How selfish are our genes, anyway? (Aeon)
J Arvid Ågren
Richard Dawkins’s 1976 book The Selfish Gene gave the public a new way to understand evolution. Biologists have learned a lot since then, but the metaphor remains a powerful tool for helping us think about why life forms do what they do.
In search of the real Viking women (CrimeReads)
by Nancy Marie Brown
Maybe the gender divisions we attribute to medieval Scandinavians are at least partly a product of the Victorian scholars who began describing them.
The oceans are glowing (The New York Times)
by William J. Broad
Sea travelers have long known that parts of the deep ocean sometimes light up with a blue-green glow. Now scientists are using satellites to find masses of the luminescence, some the size of several states, and figure out why they appear and disappear.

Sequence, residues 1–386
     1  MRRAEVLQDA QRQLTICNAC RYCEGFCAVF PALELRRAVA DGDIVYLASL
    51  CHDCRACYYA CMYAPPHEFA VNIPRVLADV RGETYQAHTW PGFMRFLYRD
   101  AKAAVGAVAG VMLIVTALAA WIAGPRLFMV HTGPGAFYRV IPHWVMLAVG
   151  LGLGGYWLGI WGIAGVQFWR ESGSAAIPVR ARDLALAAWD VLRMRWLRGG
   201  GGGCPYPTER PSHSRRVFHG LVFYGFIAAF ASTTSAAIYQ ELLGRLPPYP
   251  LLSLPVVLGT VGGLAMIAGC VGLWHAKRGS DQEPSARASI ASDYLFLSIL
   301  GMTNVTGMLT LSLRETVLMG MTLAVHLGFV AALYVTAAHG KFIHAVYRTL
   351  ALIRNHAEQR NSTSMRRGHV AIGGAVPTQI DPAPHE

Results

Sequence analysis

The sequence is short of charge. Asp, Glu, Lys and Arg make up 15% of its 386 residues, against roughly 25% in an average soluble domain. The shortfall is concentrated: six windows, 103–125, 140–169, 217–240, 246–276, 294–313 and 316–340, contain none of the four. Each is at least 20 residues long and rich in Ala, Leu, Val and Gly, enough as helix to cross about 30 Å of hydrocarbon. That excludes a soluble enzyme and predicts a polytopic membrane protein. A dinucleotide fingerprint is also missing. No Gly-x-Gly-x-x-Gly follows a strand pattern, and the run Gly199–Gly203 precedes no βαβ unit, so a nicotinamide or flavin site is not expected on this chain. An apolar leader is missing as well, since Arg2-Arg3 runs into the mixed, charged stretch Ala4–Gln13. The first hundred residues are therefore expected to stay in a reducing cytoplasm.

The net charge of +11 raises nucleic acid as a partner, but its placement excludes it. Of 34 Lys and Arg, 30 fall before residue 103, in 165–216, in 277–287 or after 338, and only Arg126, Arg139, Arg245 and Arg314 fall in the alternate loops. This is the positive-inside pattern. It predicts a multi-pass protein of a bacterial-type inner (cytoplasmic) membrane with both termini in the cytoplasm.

The clever legal move behind the Texas abortion ban (The Atlantic)
by Mary Ziegler
Thanks to the Supreme Court’s decision not to act, Texas has effectively banned most abortions without technically criminalizing the procedure. The move to use civil courts in this way was a legal strategy decades in the making.
The new floods of the twenty-first century (The Conversation)
by Russ Schumacher
Hurricane Ida brought unprecedented torrential rainfall in the northeast, flooding New York subway stations and resulting in more than forty-five deaths. Welcome to the new reality of extratropical cyclones.
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